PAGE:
A bit of flexibility goes a long way
Since the year began, Donna Donaruma has spent some 60 fewer hours than normal driving to work at Millipore Corp., a life sciences firm. That’s 2,000 miles worth of gas she hasn’t had to buy, and at least half a ton of carbon dioxide that hasn’t been pumped into the air.
The savings are a side benefit of an innovative program to encourage selected Millipore employees to work where they are most productive: at home, in the field with customers, or in a redesigned office space that resembles a swanky living room.
Most weeks, Donaruma said, she works about two days at her Pepperell home and three at her office in Billerica, where Millipore is based. There, instead of row after row of cubicles, cushy chairs are clustered near large, flat screens where workers can plug in their laptops and collaborate. Spaces are divided by glass partitions, and tables invite groups to gather. With no assigned seating, employees spread out at random.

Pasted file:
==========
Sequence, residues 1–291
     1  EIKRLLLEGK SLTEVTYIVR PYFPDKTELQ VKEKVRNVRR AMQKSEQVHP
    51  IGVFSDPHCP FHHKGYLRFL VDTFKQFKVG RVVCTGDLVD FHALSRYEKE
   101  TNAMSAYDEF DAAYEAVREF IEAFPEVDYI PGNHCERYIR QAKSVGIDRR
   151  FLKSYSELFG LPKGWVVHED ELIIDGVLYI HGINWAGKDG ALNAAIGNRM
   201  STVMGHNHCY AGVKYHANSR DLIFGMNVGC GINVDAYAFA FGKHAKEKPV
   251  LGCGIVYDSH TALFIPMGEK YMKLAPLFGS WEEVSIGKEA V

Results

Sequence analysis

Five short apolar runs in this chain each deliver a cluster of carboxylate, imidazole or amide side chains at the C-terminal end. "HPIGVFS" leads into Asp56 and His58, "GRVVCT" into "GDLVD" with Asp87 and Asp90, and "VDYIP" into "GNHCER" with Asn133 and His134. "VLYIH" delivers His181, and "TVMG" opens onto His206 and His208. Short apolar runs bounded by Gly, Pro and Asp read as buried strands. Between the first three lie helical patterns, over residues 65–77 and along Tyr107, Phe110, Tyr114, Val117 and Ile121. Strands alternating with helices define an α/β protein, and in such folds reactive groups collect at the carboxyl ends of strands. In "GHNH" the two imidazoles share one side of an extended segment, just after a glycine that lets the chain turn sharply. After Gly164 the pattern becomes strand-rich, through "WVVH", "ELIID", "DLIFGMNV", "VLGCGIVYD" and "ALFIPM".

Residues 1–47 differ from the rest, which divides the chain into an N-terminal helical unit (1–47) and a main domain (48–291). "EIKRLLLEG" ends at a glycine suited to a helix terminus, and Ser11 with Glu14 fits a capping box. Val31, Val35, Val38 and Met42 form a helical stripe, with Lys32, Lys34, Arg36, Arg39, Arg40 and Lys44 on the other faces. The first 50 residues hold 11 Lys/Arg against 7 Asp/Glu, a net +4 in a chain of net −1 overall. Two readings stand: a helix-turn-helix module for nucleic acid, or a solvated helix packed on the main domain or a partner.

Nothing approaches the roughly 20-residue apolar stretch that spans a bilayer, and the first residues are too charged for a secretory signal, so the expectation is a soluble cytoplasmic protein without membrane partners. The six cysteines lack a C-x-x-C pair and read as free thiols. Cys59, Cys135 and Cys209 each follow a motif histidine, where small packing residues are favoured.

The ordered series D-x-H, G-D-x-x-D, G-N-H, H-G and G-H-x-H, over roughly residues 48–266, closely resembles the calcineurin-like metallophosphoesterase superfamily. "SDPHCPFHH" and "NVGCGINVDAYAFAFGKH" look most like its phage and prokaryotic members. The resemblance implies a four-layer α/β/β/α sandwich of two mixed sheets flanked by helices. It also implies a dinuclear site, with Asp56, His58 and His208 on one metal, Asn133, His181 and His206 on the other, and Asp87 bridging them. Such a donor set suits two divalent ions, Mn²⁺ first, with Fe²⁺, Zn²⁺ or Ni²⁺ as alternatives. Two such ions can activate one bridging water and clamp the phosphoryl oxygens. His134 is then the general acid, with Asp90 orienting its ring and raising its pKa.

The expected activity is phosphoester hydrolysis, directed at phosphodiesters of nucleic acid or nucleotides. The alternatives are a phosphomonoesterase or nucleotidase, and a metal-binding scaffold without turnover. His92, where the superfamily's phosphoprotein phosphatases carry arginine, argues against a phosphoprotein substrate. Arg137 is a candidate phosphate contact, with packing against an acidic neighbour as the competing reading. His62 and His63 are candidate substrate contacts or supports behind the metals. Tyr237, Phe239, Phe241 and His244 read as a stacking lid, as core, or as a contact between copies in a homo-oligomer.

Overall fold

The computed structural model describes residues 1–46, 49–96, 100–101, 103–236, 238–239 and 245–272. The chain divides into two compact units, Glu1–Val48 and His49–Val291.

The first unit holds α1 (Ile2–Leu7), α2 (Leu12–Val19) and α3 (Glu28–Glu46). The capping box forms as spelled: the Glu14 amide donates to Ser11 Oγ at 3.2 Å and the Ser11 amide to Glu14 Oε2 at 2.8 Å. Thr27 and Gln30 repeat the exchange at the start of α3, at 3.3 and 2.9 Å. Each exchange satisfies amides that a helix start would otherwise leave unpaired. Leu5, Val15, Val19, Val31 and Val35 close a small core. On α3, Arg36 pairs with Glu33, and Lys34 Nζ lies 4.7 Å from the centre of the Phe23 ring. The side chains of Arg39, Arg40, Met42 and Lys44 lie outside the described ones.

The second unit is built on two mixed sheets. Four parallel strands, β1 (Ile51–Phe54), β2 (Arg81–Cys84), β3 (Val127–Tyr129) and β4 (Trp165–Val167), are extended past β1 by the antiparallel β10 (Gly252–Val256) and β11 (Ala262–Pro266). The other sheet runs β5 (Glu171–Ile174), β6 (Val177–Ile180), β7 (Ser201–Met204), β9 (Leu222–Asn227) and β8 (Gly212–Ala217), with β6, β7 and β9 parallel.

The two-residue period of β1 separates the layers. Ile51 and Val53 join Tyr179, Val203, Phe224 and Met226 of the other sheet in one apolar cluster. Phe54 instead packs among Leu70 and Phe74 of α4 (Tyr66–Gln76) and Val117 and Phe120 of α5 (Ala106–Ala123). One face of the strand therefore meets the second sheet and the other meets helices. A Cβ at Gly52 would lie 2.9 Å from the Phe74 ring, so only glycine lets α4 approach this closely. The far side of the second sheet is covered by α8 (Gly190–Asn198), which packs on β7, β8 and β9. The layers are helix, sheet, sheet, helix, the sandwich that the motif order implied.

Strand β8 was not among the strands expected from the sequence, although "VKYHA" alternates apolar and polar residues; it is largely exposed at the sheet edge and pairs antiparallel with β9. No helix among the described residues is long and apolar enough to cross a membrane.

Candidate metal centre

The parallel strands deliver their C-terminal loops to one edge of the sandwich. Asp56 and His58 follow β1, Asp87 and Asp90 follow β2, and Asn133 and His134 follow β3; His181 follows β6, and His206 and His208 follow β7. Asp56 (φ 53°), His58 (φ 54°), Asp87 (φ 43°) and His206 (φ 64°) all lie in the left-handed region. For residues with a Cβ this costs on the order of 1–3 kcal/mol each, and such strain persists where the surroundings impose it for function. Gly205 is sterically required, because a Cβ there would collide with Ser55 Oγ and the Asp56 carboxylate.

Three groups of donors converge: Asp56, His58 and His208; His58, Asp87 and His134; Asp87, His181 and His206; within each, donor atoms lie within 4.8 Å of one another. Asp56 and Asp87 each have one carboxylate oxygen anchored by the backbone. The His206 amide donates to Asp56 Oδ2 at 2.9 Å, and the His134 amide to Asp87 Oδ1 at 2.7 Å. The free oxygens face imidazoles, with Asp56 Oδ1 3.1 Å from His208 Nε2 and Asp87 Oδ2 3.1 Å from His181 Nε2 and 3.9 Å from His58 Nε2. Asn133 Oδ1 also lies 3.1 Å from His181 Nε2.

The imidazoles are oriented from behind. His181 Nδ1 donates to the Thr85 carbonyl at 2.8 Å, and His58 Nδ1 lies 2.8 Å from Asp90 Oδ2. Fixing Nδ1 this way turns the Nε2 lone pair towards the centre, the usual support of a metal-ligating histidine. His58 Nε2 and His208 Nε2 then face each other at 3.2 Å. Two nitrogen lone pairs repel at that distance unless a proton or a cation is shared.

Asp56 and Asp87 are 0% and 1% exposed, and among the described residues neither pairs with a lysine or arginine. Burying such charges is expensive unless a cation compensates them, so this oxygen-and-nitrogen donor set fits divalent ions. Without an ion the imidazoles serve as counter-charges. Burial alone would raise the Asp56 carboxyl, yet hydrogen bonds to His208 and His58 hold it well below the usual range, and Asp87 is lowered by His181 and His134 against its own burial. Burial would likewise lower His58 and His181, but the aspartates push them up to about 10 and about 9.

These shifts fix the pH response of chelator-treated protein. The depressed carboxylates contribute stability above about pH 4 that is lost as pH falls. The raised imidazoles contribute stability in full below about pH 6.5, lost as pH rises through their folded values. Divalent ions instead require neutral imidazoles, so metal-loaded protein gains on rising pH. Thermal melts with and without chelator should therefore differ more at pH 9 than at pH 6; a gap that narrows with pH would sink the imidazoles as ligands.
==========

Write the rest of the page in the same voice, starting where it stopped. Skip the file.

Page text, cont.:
“I’ll look for a sunny work station,’’ said Donaruma, who manages e-commerce and data solutions for the company. “The environment is really conducive to work. You’re more energetic and meeting people you didn’t know before.’’
Don Kupka, Millipore’s director of global properties, said the office arrangement increases productivity and promotes work-life balance.
“It’s really about having the most effective work environment for the way we work today,’’ Kupka said. “We’re on global teams, and we’re working with people who simply can’t all be in the same place at the same time.’’
And then there are the environmental savings, he said. In March, 70 employees on the flexible work program spent an average of seven fewer hours driving, and saved a total of 785 gallons in gasoline.